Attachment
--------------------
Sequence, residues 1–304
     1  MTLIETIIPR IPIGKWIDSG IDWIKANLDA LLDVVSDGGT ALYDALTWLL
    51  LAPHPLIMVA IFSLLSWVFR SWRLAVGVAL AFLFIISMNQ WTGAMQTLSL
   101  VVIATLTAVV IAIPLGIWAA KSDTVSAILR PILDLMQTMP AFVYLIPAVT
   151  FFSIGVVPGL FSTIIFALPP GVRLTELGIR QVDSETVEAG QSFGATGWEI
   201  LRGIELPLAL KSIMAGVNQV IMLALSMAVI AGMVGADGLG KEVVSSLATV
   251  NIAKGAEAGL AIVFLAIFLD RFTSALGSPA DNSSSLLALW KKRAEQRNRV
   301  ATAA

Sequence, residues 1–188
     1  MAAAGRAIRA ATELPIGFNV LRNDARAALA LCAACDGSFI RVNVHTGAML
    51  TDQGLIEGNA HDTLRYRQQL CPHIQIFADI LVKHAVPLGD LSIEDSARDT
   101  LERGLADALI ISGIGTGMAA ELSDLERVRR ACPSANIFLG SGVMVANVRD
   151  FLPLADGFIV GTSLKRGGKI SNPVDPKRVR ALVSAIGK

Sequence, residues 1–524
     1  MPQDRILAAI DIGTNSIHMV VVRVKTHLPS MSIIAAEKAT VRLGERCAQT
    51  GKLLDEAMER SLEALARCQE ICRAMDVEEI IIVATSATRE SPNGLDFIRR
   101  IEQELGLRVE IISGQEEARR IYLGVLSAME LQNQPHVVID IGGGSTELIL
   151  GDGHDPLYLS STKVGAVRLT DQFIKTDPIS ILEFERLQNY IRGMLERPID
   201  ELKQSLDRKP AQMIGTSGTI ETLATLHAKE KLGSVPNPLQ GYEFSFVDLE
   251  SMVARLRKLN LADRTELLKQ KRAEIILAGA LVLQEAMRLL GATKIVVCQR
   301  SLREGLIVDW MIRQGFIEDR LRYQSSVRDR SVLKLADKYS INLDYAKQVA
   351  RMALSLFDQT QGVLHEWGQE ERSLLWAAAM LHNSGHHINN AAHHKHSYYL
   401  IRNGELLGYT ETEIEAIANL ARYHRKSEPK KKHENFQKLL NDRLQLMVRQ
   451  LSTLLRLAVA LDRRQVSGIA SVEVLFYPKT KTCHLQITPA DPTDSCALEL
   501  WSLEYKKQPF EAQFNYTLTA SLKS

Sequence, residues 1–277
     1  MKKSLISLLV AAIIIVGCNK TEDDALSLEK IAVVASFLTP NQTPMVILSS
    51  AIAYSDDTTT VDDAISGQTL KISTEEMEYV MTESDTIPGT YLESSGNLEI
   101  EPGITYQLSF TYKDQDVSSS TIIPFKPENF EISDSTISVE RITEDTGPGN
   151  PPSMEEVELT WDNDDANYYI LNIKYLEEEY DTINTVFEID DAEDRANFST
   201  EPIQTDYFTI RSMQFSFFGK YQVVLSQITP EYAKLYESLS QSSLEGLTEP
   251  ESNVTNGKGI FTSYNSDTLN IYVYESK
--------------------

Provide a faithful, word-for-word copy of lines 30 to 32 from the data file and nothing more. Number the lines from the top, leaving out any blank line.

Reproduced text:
   151  PPSMEEVELT WDNDDANYYI LNIKYLEEEY DTINTVFEID DAEDRANFST
   201  EPIQTDYFTI RSMQFSFFGK YQVVLSQITP EYAKLYESLS QSSLEGLTEP
   251  ESNVTNGKGI FTSYNSDTLN IYVYESK